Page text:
This article is only available in the PDF format. Download the PDF to view the article, as well as its associated figures and tables.
The concept of this article has grown out of a lifetime experience of performing thousands of operations and answering the query as to whether they were the "right operations." I tried to analyze this from the reality of the medical and surgical point of view and with a balance of philosophy. This balancing act was quite revealing in both answering and asking questions. I am not so presumptuous as to think that I can answer this enigmatic and challenging proposition or, indeed, that there is a universal answer. This proposition has ramifications that extend not only into the foundations of our professionalism, but also into the delicate fabric of our moral and ethical existence. This personal interrogation may unsettle our equanimity, equate our craftsmanship, and question our integrity with haunting queries as to "What is the right operation?" and "How do we know?" I have intentionally used the plural personal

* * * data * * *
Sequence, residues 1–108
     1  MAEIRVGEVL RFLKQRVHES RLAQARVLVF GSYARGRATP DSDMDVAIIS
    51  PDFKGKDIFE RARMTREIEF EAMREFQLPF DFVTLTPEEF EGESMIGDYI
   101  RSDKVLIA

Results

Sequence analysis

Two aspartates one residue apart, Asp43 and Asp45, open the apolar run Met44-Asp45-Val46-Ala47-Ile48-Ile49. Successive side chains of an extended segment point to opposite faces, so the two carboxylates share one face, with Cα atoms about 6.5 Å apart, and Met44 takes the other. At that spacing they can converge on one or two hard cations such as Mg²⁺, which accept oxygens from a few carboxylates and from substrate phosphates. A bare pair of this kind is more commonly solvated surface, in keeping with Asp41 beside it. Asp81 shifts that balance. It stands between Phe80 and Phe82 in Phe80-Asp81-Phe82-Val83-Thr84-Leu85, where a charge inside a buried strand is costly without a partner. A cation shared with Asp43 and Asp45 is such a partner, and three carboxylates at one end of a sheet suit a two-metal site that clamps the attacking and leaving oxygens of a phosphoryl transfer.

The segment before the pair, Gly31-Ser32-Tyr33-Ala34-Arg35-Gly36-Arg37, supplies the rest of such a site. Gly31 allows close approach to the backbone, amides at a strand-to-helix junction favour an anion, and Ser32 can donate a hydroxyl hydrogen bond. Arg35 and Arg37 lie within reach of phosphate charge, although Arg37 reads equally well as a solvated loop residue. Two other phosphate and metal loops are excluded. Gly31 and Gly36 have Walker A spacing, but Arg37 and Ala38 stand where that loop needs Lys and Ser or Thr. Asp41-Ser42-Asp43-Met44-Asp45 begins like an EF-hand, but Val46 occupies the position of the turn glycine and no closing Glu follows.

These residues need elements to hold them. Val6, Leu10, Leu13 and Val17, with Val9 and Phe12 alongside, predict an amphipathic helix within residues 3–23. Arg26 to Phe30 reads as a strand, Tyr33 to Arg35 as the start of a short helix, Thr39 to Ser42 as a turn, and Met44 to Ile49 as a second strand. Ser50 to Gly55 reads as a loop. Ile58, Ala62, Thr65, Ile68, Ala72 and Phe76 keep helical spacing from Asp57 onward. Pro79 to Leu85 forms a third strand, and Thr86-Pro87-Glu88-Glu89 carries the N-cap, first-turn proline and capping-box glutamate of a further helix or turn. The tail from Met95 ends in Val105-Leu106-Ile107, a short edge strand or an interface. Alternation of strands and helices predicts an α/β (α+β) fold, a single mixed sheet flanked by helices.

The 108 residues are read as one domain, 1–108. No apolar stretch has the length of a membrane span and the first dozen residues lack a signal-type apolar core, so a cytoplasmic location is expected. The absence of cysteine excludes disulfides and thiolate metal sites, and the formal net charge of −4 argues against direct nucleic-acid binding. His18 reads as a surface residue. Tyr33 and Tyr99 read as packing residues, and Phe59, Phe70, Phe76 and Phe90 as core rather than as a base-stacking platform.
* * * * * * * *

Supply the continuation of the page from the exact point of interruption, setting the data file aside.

CONLEY J. Have I Performed the Right Operation? Arch Otolaryngol Head Neck Surg. 1986;112(4):385–387. doi:10.1001/archotol.1986.03780040025006
Coronavirus Resource Center
Customize your JAMA Network experience by selecting one or more topics from the list below.
Create a personal account or sign in to: